“When the music stops you need to grab a seat,” is a kids game, but in the grown-up business of the paddock, it is still just as relevant as if you were at a birthday party.
Unfortunately for Eugene Laverty, he’s been left as one of the last riders chasing a seat for 2019, and with Marco Melandri, Loris Baz, Jordi Torres, and Xavi Fores all also running in circles, the clock is ticking until the music stops for good.
Having thought that he’d be sticking with Shaun Muir Racing for next year, as the team switches to BMW machinery, the Irishman now finds himself on the outside looking in. From feeling secure that he would have a good ride for 2019, he suddenly finds himself staring at limited opportunities.
The Circuit San Juan Villicum surprised everyone in the WorldSBK paddock this past weekend. With the Andes Mountain range offering one of the most picturesque backgrounds in all of racing, this brand new facility has instantly offered a unique circuit to the championship.
The 2.6-mile circuit has received positive feedback from the riders and teams, and Milwaukee Aprilia’s Eugene Laverty offered us his perspective of the track.
The final European round of the WorldSBK season sees Magny-Cours play host to Jonathan Rea’s first attempt to make history by winning a fourth consecutive championship.
The Northern Irishman is on the cusp of history, and he clinched the title here 12 months ago.
Jonathan Rea may have had a third consecutive double at the Portuguese round of WorldSBK, but that’s not to say there wasn’t plenty of action and intrigue as WorldSBK resumed following the summer break.
Portimão is one of the most exciting laps of the year for a WorldSBK rider. The Portuguese circuit is used extensively for winter testing, and last month’s official test also offered the majority of the field a chance to fine tune their settings for their return to action.
The circuit, nestled in the hills of the Algarve, is challenging for riders. There’s a bit of everything here, and getting your eye in and getting the most from the circuit takes time.
“Portimao is my favourite track in the world,” said an enthusiastic Eugene Laverty. “It’s something unique! I’ve done so many laps around this place over the years that I know this place like the back of my hand. At some tracks, you need the bike to work in a certain way to be fast because the rider is limited in what they can do – this place is the opposite!”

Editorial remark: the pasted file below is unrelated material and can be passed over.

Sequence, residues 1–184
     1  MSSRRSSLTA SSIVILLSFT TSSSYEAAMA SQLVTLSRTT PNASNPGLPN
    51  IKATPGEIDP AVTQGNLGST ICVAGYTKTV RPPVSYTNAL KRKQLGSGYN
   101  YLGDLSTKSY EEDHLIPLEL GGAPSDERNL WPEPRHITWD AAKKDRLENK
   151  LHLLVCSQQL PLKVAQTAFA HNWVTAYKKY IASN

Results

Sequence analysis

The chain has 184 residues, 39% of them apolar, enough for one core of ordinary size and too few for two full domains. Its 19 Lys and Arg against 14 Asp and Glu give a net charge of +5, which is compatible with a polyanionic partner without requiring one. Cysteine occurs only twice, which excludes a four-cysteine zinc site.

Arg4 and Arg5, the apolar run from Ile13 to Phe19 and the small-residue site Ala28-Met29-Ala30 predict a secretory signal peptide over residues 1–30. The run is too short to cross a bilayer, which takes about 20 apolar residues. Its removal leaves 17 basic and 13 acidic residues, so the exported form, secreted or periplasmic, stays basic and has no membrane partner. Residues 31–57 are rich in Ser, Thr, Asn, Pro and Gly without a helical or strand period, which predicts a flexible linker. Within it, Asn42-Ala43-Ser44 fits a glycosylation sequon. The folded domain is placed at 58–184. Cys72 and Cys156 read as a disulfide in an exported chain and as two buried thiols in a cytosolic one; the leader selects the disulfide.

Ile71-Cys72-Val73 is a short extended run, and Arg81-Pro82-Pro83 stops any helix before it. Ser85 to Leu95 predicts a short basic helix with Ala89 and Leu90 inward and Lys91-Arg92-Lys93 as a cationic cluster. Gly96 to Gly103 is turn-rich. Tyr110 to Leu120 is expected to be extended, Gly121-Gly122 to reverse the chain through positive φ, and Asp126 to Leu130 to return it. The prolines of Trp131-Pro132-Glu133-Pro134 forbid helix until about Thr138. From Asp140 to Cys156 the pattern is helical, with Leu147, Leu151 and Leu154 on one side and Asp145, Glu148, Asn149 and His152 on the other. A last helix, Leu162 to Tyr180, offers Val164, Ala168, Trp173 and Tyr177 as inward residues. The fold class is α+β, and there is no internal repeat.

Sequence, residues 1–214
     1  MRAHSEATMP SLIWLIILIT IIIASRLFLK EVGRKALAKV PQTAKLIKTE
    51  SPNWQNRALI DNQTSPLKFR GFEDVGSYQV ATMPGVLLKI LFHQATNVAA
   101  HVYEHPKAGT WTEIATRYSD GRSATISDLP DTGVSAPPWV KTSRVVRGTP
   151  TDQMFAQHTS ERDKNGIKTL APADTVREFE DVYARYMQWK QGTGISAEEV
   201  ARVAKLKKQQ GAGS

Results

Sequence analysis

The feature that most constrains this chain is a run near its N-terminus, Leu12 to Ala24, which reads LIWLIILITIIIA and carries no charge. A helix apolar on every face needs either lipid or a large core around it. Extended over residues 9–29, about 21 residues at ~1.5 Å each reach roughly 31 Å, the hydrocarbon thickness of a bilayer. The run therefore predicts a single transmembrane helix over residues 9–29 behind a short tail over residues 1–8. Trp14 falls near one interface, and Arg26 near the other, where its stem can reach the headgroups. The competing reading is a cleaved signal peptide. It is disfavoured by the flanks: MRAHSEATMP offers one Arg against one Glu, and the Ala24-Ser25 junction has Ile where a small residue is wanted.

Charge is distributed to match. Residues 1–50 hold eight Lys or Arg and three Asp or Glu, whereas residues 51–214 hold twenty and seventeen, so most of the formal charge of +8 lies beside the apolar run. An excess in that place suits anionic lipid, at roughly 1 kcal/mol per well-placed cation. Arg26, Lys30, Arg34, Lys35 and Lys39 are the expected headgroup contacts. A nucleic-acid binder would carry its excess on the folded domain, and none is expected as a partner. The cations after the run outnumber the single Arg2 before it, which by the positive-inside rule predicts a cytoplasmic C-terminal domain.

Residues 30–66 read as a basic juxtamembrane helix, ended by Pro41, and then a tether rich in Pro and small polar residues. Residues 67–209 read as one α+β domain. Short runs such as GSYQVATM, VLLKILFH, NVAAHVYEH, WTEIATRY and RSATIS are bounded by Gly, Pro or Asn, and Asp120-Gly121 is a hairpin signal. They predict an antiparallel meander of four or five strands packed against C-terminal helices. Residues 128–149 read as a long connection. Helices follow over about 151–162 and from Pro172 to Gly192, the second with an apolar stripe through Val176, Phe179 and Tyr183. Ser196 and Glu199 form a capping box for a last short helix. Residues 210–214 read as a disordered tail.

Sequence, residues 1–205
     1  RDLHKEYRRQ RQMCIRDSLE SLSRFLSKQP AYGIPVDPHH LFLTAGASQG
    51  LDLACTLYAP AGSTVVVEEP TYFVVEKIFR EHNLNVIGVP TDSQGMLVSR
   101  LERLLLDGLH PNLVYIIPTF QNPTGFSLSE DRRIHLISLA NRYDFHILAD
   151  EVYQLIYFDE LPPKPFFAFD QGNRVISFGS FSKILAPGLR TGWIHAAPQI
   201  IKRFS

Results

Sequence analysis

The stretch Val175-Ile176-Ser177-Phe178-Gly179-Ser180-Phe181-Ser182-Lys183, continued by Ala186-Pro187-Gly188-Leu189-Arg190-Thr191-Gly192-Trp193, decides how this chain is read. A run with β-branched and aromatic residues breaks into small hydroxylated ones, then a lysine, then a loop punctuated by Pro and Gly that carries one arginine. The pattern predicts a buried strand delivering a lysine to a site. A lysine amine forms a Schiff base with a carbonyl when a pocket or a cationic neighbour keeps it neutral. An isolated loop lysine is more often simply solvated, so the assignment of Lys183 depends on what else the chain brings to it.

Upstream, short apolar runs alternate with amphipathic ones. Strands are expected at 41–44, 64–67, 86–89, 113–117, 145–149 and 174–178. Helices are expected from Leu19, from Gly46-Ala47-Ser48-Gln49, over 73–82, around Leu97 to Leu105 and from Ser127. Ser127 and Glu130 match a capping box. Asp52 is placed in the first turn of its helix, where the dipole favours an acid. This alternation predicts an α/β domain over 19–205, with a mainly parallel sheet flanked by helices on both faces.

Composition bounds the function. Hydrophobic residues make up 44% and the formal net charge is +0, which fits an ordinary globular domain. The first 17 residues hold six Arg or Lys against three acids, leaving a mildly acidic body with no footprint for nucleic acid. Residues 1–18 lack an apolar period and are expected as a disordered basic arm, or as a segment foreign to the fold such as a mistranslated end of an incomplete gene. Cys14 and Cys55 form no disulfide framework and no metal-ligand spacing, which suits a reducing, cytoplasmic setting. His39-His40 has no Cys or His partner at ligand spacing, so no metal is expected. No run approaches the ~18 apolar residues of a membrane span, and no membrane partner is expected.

Episode 81 of the Paddock Pass Podcast is out, and in it we see Steve English and Jensen Beeler on the mics, as they talk a little bit more World Superbike action, before the season returns from its nearly two-month long summer break.
In the show, the boys talk about some of the big stories going on in the World Superbike Championship right now, and we chased down a number of riders to get their perspective, while at the Laguna Seca round.
As such, the show includes interviews with Tom Sykes, Alex Lowes, Eugene Laverty, Jake Gagne, and Jonathan Rea. The topics cover things like the rider silly season, the new rules for the year and how they’ve affected the race results, and how to improve “the show” in WorldSBK.
Of course the show is full of behind-the-scenes insights and analysis, which should be a welcomed resource for both seasoned World Superbike followers, and those who have missed many of the season’s races.
As always, be sure to follow the Paddock Pass Podcast on Facebook, Twitter and subscribe to the show on iTunes and SoundCloud – we even have an RSS feed for you. If you like the show, we would really appreciate you giving it a review on iTunes. Thanks for listening!
The US Round of the 2018 WorldSBK season highlighted, once again, the importance of hard work in motorcycle racing.
Last year, it was hard to imagine Milwaukee Aprilia standing on the podium on merit; on Sunday Eugene Laverty made his long-awaited return to the rostrum.
We have seen in recent rounds Yamaha win three races with the R1, but last weekend’s races arguably did more to prove the potential of the bike.
The return of WorldSBK to the Czech Republic proved to be a race weekend to remember. Tensions between Jonathan Rea and Tom Sykes overflowed, Alex Lowes delivered on his long-held promise, and we saw flashes of brilliance from else on the World Superbike grid.
The opening WorldSBK round of the year showed that the regulations have helped to shake up the order but the real test will be in the coming rounds.
Buriram, host of the Thai Round of WorldSBK, has been a Kawasaki stomping ground in recent years, and while the green machines will be favorites once again, the effect of the changes could see their wings clipped.
For the 2018 WorldSBK season, we are changing up our coverage format a little bit from last year, in order to provide more useful content for our racing fans.
First up, we are pleased to have Steve English providing coverage from the World Superbike paddock. Regular Asphalt & Rubber readers will recognize Steve’s name from a number of stories here on A&R, and he is also a regular host of our Paddock Pass Podcast.
With his day job being the voice of WorldSBK on the commentary feed, Steve’s expert insight will provide for us a preview of each WorldSBK round, as well as a debrief at the end of each race weekend, which will highlight the major takeaways from the racing action.
Additionally for our A&R Pro readers, Steve will be providing us with added racing analysis, as well as interviews with the WorldSBK riders, team members, and paddock fixtures, which you won’t want to miss. -JB
With that out of the way, let’s get to the opening round of the 2018 WorldSBK season, which is now in the books and certainly provided us with plenty of excitement and plenty to talk about.